βj −2 ρj −2,j = ρj −1,j +1 − γj −1 ρj,j , βj −1 ρj −1,j = ρj,j +1 , βj ρj,j = ρj +1,j +1 . From this we conclude that βj −(2t +1)ρj −(2t +1),j = ρj +1−(2t +1),j +1 − γj −2t ρj −(2t −1),j . Hence, ρj −(2t +1),j = 0, t = 0, 1, 2, . . .. Finally, either ρ1,j = 0 ( j even) or ρ2,j = 0 and αn−1 ρ1,j = αn−j ρ1,1 (j odd). We have established that R has the claimed checker board pattern and also that αn−1 [ρ1,1 , ρ1,2 , ρ1,3 , ρ1,4 , ρ1,5 , . . .] = [αn−1 , 0, αn−3 , 0, αn−5 , 0, . . .]ρ1,1 . Note that ρ1,1 = 1 may be specified without loss of generality in (17) and the / 0 provides the desired result. assumption that αn−1 = Proof of sufficiency of (14). Now that we have established the necessity for 1 to have the form of (14), let us consider the consequences of applying the Lanczos process with this starting vector for the -sequence. We wish to show that the diagonal elements of T in positions 2, 3, . . . , n are all 0. Proposition 3.2. Let τi be the ith diagonal element of T produced by the Lanczos process in (15), where we assume that the starting vector 1 has been chosen to be as specified in (14) and that u1 = e1 . Then τ1 = −αn−1 and τi = 0 for i = 2, 3, . . . , n. Proof. Since KH = GK, it is sufficient to consider the equivalent Lanczos process applied to the companion matrix G. This will produce GU = UT and RG = TR. Let r∗ = e∗j R and uj = Uej . Then u1 = e1 and 1 [αn−1 , 0, αn−3 , 0, αn−5 , 0, . . . ]. αn−1 It is now straightforward to see that the second row of R is r∗1 =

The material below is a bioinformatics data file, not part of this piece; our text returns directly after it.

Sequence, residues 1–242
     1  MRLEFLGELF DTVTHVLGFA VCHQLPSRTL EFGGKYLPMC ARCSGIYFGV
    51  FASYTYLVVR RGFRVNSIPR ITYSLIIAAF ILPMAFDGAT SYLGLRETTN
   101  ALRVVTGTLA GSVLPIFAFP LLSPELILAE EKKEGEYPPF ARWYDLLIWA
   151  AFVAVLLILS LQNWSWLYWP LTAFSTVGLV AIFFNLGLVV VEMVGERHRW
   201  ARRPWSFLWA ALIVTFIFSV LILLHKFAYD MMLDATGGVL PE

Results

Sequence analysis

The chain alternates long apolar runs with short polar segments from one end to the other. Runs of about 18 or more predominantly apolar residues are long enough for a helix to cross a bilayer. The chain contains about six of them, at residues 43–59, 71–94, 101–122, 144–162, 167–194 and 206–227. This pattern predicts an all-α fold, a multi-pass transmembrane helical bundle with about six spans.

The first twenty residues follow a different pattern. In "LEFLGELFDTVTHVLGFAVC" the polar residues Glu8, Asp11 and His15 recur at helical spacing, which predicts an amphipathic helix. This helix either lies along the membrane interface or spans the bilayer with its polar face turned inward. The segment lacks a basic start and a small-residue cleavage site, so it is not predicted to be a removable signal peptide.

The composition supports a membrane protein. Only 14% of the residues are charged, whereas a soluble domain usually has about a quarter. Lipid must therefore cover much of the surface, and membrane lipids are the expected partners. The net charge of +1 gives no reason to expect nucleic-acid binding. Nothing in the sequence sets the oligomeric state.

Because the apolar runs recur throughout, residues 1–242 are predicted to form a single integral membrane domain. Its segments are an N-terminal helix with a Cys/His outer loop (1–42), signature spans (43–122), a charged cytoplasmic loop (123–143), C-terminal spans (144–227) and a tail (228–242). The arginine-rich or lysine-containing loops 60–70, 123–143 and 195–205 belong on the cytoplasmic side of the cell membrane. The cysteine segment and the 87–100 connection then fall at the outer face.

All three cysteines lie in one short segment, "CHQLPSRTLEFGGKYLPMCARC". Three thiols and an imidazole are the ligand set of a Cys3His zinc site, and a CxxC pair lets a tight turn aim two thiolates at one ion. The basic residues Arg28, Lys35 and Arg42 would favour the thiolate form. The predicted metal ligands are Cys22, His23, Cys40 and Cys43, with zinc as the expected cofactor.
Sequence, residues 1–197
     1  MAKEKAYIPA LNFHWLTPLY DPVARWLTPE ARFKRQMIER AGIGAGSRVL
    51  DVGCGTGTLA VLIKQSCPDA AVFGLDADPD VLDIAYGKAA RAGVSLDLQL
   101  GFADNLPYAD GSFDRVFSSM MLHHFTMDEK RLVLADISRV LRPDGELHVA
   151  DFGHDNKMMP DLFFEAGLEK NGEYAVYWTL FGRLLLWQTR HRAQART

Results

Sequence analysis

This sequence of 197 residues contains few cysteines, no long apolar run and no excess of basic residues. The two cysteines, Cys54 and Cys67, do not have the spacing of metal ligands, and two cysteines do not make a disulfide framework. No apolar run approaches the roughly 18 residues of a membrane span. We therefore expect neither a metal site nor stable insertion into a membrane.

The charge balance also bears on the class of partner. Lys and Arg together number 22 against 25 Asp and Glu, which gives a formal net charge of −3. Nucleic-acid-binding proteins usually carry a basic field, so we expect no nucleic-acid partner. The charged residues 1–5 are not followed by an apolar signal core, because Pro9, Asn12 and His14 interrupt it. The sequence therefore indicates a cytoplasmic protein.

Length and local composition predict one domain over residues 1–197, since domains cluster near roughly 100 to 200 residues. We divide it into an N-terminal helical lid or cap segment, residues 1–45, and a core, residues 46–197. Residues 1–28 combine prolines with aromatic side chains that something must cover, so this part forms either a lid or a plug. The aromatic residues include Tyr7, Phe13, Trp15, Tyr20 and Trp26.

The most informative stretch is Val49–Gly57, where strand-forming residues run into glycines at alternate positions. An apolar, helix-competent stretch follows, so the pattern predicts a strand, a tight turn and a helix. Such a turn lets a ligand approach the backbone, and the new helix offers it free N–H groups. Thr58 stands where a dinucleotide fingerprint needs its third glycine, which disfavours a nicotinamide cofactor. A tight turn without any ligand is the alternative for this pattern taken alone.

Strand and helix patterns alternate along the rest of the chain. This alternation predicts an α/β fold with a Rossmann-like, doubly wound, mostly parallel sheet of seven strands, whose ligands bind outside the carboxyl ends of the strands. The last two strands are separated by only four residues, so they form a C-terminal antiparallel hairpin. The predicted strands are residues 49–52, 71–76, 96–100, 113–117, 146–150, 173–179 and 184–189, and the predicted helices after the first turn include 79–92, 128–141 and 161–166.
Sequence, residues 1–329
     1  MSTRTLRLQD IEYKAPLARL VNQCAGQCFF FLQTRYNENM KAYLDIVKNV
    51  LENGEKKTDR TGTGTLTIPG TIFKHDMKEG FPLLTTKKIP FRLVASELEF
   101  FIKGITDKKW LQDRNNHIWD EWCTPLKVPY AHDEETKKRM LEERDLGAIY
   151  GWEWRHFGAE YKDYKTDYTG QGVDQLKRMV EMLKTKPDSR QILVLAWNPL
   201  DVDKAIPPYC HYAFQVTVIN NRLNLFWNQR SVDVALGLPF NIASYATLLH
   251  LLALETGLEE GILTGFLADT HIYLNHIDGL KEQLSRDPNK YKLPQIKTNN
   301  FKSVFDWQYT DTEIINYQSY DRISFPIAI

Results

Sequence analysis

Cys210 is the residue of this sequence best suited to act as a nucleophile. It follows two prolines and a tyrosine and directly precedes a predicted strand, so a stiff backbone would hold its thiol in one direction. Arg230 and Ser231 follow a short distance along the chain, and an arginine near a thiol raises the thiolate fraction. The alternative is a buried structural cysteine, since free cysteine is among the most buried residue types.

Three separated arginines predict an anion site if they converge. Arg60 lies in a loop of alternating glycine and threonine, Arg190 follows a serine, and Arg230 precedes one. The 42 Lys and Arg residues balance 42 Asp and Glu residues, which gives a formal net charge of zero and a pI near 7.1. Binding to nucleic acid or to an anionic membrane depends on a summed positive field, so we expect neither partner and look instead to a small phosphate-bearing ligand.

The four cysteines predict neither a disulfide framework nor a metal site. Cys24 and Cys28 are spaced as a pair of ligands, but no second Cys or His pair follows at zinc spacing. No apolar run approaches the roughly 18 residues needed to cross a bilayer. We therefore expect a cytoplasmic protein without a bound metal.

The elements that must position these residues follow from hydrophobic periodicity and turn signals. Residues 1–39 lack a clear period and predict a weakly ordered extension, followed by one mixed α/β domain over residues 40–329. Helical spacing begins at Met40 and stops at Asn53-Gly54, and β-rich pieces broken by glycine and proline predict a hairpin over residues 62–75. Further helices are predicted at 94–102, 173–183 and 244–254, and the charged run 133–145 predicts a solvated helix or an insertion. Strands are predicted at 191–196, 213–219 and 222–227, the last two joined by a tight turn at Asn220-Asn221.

r∗2 = r∗1 (G + αn−1 I) = [0, αˆ n−2 , 0, αˆ n−4 , 0, αˆ n−6 , 0, . . . ], where αˆ n−2t = (αn−2t −1 /αn−1 ) − αn−2t for t = 1, 2, . . . We also see that u2 = (G + αn−1 I)u1 = e2 . Now, it is easy to check that r∗2 Gu2 = 0 and this will establish τ2 = 0. These initial vectors set the pattern for the remaining sequence of vectors produced by the process. Namely, if τk = τk−1 = · · · = τ3 = τ2 = 0, then r∗j +1 = r∗j G − γj −1 r∗j −1 for j = 2, 3, . . . , k.

and γj uj +1 = Guj − uj −1

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A slightly tedious but straightforward calculation will show that r∗j +1 = [0, . . . , ρj +1,j +1 , 0, ρj +1,j +3 , 0, . . .] and that uj +1 = [0, . . . , 0, µj −1,j +1 , 0, µj +1,j +1 , . . . , 0]∗ . From this we may conclude that 0 µj −1,j +1 =0 r∗j +1 Guj +1 = [ρj +1,j +1 , 0, ρj +1,j +3 , 0] 0 µj +1,j +1 and hence that τj +1 = 0. Inductively, we see that this pattern continues. The proof is thus complete. From this discussion, which established the necessity and sufficiency of (14), we conclude that the Lanczos process with the starting vectors specified as above will result in a special Lanczos process where the diagonal elements are set to 0. Hence, the special tridiagonal form is achieved with this scheme, which is summarized in Fig. 1. Computation of (14): There are several options for efficiently producing the coefficients αj and the special starting vector 1 . One possibility is based upon the classic moment equation Ta = −t,